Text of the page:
Now the blurb:
Fascist Italy 1928. Trieste, once the port of the Austro-Hungarian Empire, has become Italian. As fascism strives violently to create a pure Italy along its streets, Matteo Brazzi is forced to choose his loyalties with care. When his office is bombed, the police are baffled, but Brazzi knows who committed the crime, and he knows why. Though he is no seaman, he can easily identify the dark shape that disappeared into the Gulf of Trieste that dramatic night and, as he escapes to Cittanova in Istria, the mysterious vessel follows him down the coast. Brazzi has successfully exploited fascism to protect himself - many people would call him a traitor - but he’s only ever had one real love. Now Nataša is dead and Brazzi owes his share of the blame. Too soon he discovers that not even Mussolini can save him from an enemy who is bent on revenge.
The covers and editorials from leading weeklies of the Left and Right for the work-week ending Friday, 16 July 2020. All our stories about coronavirus and Slovenia are here
Mladina: Way to early election
STA, 17 July 2020 - The MPs of the coalition DeSUS and SMC are hostages of the ruling Democrats (SDS), the left-wing weekly Mladina says on Friday. They insist in the coalition because they fear losing their seats, which could be easily solved by empowering them by making them financially independent, the left-leaning weekly say in MPs Must Not Be Hostages.
The MPs of the Pensioners' Party (DeSUS) and Modern Centre Party (SMC) fooled their voters when they joined a far-right government, while they had promised them they would never do it.
Mladina's editor-in-chief Grega Repovž says the anti-government protests, which started more than 10 weeks ago, are actually directed against them.
It admits the MPs are in a dead end - they joined the Janez Janša government hoping it would be bearable, while realising after four months in government it is not.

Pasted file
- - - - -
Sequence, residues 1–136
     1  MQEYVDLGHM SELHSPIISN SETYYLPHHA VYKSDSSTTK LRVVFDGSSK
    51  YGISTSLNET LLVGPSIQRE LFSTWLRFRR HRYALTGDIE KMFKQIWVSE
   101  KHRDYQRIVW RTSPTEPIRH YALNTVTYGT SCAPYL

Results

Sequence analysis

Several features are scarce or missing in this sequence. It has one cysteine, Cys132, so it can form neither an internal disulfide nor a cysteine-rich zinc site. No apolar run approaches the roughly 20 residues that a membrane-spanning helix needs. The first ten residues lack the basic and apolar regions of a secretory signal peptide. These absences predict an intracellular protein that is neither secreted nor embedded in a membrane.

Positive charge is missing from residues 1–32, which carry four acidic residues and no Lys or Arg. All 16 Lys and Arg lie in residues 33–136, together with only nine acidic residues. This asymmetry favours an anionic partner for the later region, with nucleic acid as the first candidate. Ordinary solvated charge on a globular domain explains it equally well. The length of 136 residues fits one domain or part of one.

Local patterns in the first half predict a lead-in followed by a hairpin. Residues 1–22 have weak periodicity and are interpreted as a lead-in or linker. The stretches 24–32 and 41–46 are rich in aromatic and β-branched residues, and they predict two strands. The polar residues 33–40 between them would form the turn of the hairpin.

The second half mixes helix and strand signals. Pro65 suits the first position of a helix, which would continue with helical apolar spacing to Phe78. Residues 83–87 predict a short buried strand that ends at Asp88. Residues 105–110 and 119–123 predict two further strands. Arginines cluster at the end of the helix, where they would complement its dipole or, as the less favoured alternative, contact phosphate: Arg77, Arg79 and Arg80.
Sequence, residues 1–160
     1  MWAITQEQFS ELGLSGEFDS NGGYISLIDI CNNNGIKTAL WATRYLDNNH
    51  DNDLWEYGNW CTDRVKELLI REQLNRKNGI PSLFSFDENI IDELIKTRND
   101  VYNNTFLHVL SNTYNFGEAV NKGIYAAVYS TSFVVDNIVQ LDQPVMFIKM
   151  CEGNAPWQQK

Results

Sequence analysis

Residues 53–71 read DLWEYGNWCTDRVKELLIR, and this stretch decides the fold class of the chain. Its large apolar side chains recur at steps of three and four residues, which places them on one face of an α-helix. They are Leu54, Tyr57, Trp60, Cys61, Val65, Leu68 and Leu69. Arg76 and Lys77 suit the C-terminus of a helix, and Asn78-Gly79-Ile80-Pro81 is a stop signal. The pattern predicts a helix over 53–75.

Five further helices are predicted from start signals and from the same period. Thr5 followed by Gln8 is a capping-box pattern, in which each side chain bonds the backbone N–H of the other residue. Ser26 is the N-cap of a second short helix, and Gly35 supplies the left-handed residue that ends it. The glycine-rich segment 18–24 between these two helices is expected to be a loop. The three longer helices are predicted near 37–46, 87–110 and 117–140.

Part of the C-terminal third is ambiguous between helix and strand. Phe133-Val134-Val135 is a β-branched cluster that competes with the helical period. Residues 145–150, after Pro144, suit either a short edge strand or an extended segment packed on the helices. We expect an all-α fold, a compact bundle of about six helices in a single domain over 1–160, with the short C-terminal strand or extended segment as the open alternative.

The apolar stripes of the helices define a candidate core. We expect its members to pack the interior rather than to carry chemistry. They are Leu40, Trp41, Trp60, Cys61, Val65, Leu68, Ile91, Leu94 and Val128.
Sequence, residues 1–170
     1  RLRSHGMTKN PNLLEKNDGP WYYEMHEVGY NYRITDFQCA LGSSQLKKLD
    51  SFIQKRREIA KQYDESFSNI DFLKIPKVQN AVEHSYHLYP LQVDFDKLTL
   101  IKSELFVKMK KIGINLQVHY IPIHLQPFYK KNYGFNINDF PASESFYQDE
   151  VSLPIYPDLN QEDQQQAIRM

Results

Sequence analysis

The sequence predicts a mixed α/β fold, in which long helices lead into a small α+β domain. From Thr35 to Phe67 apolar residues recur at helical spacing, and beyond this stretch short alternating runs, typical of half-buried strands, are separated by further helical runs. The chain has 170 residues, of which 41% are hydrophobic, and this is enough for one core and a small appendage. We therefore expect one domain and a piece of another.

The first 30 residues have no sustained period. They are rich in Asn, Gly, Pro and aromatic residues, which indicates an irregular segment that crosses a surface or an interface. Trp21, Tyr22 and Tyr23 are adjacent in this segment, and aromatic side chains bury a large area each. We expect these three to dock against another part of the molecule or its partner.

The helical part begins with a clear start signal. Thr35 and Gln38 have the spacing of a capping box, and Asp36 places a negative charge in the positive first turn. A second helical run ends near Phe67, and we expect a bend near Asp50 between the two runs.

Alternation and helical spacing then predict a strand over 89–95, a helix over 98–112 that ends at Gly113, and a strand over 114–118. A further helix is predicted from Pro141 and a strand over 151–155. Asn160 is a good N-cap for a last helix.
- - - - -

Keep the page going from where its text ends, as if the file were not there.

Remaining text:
Janša is offering them two more years in office, that is until the next regular general election.
Mladina says DeSUS and SMC MPs are largely victims of Slovenia's constitutional arrangement
Under the constitution, the Slovenian president is the one to decide that parliament is not able to form a stable government and can call an election, but it is actually MPs who have the decision on an early election in their hands.
Mladina says the MPs are always in a dilemma when faced with such a political decision, because this is also a decision on the end of their terms.
The SMC and DeSUS MPs are criticised for having supported the Janša government so that they would not lose their jobs less than half way through their term, which Mladina says this is probably true but also understandable from a human point of view.
Yet MPs can only be truly independent if they are not forced to consider losing their job, if they are financially independent.
There is a simple solution to this - a new article should be added to the deputies act saying MPs are entitled to a compensation for the loss of income until the end of a regular term if an early election is called.
Although this could be a lot of money, it is little considering the harm they can prevent by opting for an early election.
"This is the price of functioning democracy," says Mladina, adding that 30 years of democracy has shown how important it is that MPs are independent.
Reporter: Hungarian scenario may not be effective in Slovenia